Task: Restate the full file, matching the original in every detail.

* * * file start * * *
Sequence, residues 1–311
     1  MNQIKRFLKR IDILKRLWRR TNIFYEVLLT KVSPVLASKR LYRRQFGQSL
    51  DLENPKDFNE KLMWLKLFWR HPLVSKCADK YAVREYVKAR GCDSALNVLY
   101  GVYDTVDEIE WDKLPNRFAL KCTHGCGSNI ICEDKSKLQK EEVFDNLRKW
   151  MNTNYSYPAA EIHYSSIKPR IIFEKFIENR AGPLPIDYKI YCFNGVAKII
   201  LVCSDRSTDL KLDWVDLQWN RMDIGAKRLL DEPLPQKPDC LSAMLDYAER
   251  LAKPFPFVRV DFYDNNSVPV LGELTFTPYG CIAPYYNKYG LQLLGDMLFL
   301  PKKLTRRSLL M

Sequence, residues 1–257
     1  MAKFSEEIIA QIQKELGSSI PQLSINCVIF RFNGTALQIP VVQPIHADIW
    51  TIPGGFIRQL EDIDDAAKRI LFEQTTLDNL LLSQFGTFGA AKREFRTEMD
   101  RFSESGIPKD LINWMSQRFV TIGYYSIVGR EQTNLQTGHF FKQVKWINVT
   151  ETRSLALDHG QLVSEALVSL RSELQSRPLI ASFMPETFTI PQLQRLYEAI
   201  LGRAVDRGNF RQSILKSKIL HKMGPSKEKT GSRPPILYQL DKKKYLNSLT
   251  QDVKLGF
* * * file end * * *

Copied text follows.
Sequence, residues 1–311
     1  MNQIKRFLKR IDILKRLWRR TNIFYEVLLT KVSPVLASKR LYRRQFGQSL
    51  DLENPKDFNE KLMWLKLFWR HPLVSKCADK YAVREYVKAR GCDSALNVLY
   101  GVYDTVDEIE WDKLPNRFAL KCTHGCGSNI ICEDKSKLQK EEVFDNLRKW
   151  MNTNYSYPAA EIHYSSIKPR IIFEKFIENR AGPLPIDYKI YCFNGVAKII
   201  LVCSDRSTDL KLDWVDLQWN RMDIGAKRLL DEPLPQKPDC LSAMLDYAER
   251  LAKPFPFVRV DFYDNNSVPV LGELTFTPYG CIAPYYNKYG LQLLGDMLFL
   301  PKKLTRRSLL M

Sequence, residues 1–257
     1  MAKFSEEIIA QIQKELGSSI PQLSINCVIF RFNGTALQIP VVQPIHADIW
    51  TIPGGFIRQL EDIDDAAKRI LFEQTTLDNL LLSQFGTFGA AKREFRTEMD
   101  RFSESGIPKD LINWMSQRFV TIGYYSIVGR EQTNLQTGHF FKQVKWINVT
   151  ETRSLALDHG QLVSEALVSL RSELQSRPLI ASFMPETFTI PQLQRLYEAI
   201  LGRAVDRGNF RQSILKSKIL HKMGPSKEKT GSRPPILYQL DKKKYLNSLT
   251  QDVKLGF